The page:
Regardless of a practitioner’s focus in their clinical practice (such as a specialty in diabetes or weight loss, etc.), a practitioner may become aware (during a client’s visit) that the client may also have an oral infection. It is now known that dental infections may have far-reaching effects in terms of body symptoms. Thus, it behooves the practitioner to also address their client’s oral infections.
The Far-Reaching Effects of Oral Infections
As an example of an oral infection affecting distant body parts, according to a research study published by the Journal of Dental Research (2016), a person with a tooth infection (often undetected) has an increased risk of heart disease by 2.7 times.1 Another research study showed that people with rheumatoid arthritis are more likely to have infected gums (often undetected) than those who are arthritis-free.2 This study infers that oral infections may advance and worsen rheumatoid arthritis.
In another study, patients with rheumatoid arthritis were more than 20 times more likely to have gum infections that those without arthritis.3 Further evidence shows the more advanced a client’s periodontal infection is, the more severe their rheumatoid arthritis.
In addition to heart disease and arthritis, oral infections (often asymptomatic and undetected) may be the drivers of severe memory conditions, joint pain, and colon cancer as new studies have shown, reported by the Scientific American.4
Oregano Oil: Its Effectiveness in Oral Infections
The essential oil of oregano, as a concentrated natural plant extract, has been proven to be an excellent source of bioactive compounds that have antioxidative and antimicrobial properties. Clinical research shows that the oregano oil has been proven to be effective against oral infections.
In a 2021 research study,5 the researchers found that naturally occurring phytochemical agents in oregano oil, thymol and carvacrol, were the main components which were responsible for oregano oil’s antioxidative, antibacterial and antifungal effects. The main component of oregano oil (over 60%) is carvacrol, a potent monoterpenoid phenol.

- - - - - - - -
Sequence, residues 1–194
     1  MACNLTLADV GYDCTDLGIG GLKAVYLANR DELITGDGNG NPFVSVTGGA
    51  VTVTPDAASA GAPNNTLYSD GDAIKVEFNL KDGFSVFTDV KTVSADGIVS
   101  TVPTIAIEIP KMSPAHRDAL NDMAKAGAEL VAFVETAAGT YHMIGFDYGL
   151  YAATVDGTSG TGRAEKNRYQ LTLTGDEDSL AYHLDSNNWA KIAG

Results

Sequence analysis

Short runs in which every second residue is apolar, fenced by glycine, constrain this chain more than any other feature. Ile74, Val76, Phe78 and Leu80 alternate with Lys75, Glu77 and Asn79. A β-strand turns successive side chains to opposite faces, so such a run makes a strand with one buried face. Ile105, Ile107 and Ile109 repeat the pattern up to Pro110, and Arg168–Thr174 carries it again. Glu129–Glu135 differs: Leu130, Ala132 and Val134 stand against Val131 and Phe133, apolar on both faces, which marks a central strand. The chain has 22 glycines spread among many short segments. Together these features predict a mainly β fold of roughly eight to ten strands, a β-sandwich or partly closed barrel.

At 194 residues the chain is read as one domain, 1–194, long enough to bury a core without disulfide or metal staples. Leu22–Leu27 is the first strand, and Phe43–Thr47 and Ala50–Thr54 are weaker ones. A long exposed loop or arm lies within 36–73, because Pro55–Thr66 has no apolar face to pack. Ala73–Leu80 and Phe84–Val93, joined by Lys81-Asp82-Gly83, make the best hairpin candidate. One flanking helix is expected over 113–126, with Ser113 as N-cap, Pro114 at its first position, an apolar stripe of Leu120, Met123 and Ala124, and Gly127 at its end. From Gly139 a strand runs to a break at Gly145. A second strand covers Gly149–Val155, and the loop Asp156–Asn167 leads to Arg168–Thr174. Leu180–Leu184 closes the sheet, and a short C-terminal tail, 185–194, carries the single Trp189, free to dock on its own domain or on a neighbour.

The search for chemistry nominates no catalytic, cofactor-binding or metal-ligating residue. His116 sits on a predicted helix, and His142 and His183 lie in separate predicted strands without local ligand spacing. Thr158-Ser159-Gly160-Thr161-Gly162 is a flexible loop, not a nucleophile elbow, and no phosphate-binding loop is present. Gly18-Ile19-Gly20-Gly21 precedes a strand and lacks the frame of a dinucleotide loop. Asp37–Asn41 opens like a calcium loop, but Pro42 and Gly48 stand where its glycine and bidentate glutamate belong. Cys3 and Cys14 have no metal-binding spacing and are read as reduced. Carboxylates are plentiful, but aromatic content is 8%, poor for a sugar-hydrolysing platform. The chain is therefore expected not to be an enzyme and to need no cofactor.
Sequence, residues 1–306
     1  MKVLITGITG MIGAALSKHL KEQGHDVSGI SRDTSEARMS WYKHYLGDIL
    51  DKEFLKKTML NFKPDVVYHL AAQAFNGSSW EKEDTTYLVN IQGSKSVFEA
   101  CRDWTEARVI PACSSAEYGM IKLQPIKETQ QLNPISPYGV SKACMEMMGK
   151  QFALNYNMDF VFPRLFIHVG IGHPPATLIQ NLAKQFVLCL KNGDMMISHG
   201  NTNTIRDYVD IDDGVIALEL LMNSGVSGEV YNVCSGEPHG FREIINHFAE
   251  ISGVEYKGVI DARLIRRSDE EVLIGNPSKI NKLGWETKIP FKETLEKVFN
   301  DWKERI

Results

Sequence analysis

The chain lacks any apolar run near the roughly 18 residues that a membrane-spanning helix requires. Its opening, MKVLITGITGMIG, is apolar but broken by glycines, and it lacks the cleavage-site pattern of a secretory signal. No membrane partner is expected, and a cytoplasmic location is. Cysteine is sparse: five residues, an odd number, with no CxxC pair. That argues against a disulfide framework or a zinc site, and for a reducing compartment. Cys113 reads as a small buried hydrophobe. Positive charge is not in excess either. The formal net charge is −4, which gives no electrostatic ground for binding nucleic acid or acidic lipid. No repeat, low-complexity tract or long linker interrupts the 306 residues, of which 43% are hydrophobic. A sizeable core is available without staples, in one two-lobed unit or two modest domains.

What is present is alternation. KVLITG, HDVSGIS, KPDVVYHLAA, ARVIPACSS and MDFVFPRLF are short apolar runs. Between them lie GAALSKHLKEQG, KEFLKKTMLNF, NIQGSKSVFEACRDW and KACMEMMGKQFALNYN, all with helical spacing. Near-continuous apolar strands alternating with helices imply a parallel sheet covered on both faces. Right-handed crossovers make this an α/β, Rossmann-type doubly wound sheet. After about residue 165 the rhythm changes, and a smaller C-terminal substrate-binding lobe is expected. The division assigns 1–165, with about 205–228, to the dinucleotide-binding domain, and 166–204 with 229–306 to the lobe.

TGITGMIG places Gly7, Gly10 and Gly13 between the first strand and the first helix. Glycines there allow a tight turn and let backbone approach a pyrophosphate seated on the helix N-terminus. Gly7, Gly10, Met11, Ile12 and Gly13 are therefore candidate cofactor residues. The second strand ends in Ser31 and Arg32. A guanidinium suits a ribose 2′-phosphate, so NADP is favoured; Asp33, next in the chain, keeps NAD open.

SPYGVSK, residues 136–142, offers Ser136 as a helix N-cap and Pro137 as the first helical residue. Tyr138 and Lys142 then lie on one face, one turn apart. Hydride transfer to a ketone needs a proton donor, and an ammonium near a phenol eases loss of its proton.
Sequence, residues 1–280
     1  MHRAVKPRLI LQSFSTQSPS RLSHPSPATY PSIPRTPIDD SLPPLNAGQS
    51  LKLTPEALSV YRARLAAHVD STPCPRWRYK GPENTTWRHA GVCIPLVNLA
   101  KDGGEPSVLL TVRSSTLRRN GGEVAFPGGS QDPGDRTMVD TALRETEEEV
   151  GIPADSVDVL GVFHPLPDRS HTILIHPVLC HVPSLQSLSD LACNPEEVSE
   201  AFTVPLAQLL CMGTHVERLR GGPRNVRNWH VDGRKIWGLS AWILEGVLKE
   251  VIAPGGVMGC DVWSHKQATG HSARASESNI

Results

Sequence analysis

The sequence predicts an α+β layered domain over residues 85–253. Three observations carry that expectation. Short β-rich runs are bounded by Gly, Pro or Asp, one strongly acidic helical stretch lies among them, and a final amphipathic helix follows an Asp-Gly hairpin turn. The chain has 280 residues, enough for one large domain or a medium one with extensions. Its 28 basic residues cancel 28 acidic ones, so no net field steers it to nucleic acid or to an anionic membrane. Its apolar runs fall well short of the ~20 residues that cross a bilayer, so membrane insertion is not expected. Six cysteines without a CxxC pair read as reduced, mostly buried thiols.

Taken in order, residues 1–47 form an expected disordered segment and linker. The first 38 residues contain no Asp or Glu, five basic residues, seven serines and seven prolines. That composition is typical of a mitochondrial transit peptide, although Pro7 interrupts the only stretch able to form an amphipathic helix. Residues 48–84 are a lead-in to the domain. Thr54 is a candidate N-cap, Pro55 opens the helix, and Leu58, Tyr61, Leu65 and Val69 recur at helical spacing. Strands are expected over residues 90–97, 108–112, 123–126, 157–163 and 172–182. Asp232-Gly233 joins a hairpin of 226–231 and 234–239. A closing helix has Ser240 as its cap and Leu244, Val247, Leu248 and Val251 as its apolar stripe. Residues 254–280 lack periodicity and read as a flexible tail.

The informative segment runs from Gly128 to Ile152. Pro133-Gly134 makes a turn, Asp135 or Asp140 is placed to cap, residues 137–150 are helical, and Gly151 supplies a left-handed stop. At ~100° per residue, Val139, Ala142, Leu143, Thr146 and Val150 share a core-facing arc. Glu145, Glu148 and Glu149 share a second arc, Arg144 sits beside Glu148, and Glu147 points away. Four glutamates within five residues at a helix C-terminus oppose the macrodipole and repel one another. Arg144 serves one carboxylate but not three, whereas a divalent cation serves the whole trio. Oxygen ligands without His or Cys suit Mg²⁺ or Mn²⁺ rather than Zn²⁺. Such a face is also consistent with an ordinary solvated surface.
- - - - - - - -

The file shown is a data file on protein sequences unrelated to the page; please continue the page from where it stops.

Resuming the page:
According to the research results, oregano oil showed very good antimicrobial activity against all four oral pathogens chosen for the study (Streptococcus mutans, Staphylococcus aureus, Enterococcus faecalis, Candida albicans).5
Easy Application of the Oil
An excellent feature of oregano oil is that it is easy for clients to apply to their tooth and gum areas. Repeated applications (daily) can be very effective when used over a period of time. If the oregano oil feels too hot or fiery (a burning feeling) on tissues, it may simply be diluted with a few drops of olive oil before applying to tooth or gum areas. Oregano oil is also especially effective for adults to consume a few drops daily (mixed into liquids) as well.
- Liljestrand J, Mäntylä P, Paju S, Buhlin K, Kopra K, Persson G et al. Association of Endodontic Lesions with Coronary Artery Disease. J DENT RES. 2016;:0022034516660509
- S Kaur 1, S White, P M Bartold, Periodontal disease and rheumatoid arthritis: a systematic review. J Dent Res, 2013: May;92(5):399-408. doi: 10.1177/0022034513483142.
- Beatriz Rodríguez-Lozano et. al. Association between severity of periodontitis and clinical activity in rheumatoid arthritis patients: a case–control study. Arthritis Research & Therapy, volume 21, Article number: 27 (2019).
- Cited from an article found here: https://www.scientificamerican.com/custom-media/healthy-mouth-healthy-body/chronic-gum-disease-may-harm-brain-joints-and-gut/
- Sushanthi, Pradeep Kumar Rathinavelu, Meignana Arumugham. Antimicrobial Efficacy Of Oregano Oil, Thyme Oil and Helichrysum Oil Against Oral Pathogens: An In Vitro Study. Int J Dentistry Oral Sci. 2021;08(05):2615-2619.